6. Make-Up Remover: If wearing make-up remove this before cleansing. Mix two (2) tablespoons of extra virgin coconut oil with two (2) tablespoons of vitamin E oil; two (2) tablespoons of alcohol-free witch hazel; and half (½) cup water. Apply with a soft cloth and wipe gently across face until all make-up has been removed before continuing with the rest of the cleansing regime. Store in an air-tight container or spray bottle.

7. Moisturiser: the best way to moisturise is with an oil-based salve, mixing two (2) cups of a base oil with 5 -7 drops of chosen essential oil(s), this can be used all over the body and face. Store in an airtight container, and in the summer keep in the fridge to refresh the skin and reduce puffiness.

8. Body Wash: the shampoo mixture doubles up as a body wash.

9. Body Scrub: a sugar scrub is one of the easiest exfoliators to make, mixing two (2) cups of brown sugar with one (1) cup of either coconut or olive oil and 20 drops of essential oil(s). Scrub towards the heart to promote circulation. For something a little softer, substitute all or part of the sugar for oats. Use as little or as much as needed. Store in an air-tight container.

10. Deodorant: anti-perspirants should be avoided at all costs. If something is needed to remove the smell of sweat however, mix two (2) tablespoons of baking soda (a natural deodoriser) with two (2) tablespoons of corn starch (which helps to absorb the moisture) and either lemon or tea tree essential oils. Both oils have natural anti-bacterial properties but for something even more effective consider adding sage and/or witch hazel. Store in an air-tight container. Store in an old spice jar (with perforated top) or talcum powder bottle.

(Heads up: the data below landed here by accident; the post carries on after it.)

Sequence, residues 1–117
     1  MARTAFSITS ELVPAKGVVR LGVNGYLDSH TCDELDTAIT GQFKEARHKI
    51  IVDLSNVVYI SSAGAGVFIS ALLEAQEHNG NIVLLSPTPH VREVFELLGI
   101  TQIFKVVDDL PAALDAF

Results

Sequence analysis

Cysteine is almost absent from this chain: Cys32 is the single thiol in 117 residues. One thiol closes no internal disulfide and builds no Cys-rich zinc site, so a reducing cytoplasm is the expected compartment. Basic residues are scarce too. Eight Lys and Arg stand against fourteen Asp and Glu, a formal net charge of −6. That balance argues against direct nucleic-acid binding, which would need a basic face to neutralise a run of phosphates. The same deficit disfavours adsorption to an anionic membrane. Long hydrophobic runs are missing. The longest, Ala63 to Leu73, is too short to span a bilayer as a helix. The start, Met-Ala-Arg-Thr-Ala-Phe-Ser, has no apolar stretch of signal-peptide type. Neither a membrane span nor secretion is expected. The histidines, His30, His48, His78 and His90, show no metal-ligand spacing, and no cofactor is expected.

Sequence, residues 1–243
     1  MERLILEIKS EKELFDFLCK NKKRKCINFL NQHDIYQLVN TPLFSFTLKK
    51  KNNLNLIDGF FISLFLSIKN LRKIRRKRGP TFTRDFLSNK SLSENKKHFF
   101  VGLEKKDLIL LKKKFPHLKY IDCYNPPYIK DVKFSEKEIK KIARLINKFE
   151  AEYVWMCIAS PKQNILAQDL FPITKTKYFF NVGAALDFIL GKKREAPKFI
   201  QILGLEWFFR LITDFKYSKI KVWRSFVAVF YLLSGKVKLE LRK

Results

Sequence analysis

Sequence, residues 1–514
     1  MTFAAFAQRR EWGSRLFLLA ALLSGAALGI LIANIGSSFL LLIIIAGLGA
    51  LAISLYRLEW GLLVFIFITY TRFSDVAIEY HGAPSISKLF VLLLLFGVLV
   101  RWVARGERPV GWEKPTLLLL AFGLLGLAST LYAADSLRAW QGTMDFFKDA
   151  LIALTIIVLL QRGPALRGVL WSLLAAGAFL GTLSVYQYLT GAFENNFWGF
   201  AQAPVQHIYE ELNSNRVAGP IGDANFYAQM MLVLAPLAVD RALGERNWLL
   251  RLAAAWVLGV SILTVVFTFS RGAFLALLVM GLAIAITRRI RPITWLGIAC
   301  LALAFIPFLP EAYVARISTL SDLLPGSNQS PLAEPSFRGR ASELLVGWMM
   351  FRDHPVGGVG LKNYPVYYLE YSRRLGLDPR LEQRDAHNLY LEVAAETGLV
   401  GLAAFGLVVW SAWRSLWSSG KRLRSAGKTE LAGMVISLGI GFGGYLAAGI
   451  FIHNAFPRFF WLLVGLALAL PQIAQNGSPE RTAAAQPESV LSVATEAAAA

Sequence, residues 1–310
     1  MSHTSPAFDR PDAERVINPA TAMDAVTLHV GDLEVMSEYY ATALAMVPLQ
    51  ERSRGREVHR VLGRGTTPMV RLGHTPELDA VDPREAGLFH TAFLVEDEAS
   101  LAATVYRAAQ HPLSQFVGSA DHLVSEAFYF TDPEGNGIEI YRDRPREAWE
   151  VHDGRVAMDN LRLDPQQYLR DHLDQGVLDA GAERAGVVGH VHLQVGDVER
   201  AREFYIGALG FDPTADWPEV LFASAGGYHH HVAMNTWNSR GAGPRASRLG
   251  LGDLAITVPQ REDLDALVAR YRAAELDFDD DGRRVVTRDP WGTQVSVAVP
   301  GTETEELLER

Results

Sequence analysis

BONUS TIP:

– save containers and spray bottles from old skincare products to re-use for the new DIY alternatives. Ensure all containers have been cleaned to remove any residue and use a permanent marker to write clearly what it contains.

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Browse through more DIY Beauty below:

How to Use Avocados on Your Skin to Fight the Effects of Aging

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10 DIY Exfoliators and Sugar Scrubs – So Good You Could Eat Them!

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DIY! How to Make Your Own Deodorant

Guide: How to Make Your Own Deodorant

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0 comments on “10 DIY Alternatives to Bath and Body Products”

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Sheri
4 Months Ago

I have very long curly hair which tangles easily. If anyone has suggestions for detangling it other than store-bought conditioner, please share your recipe. I should probably just chop it off, as simplicity is the best policy, not vanity. I will keep praying to be happy with less and hope I can let go of it someday. Meanwhile, maybe I could just take the extra time to comb out each knot in the shower without any help from a product. We forget that we are made to think we need certain things we may not need at all.


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rachel
9 Months Ago

castile soaps like dr bronners (while great for household cleaning) is way too high a pH for skin and hair use. your skin is around 5.5, and soaps like these run close to 9. you will end up very dry and produce a lot of oil trying to compensate for the dryness.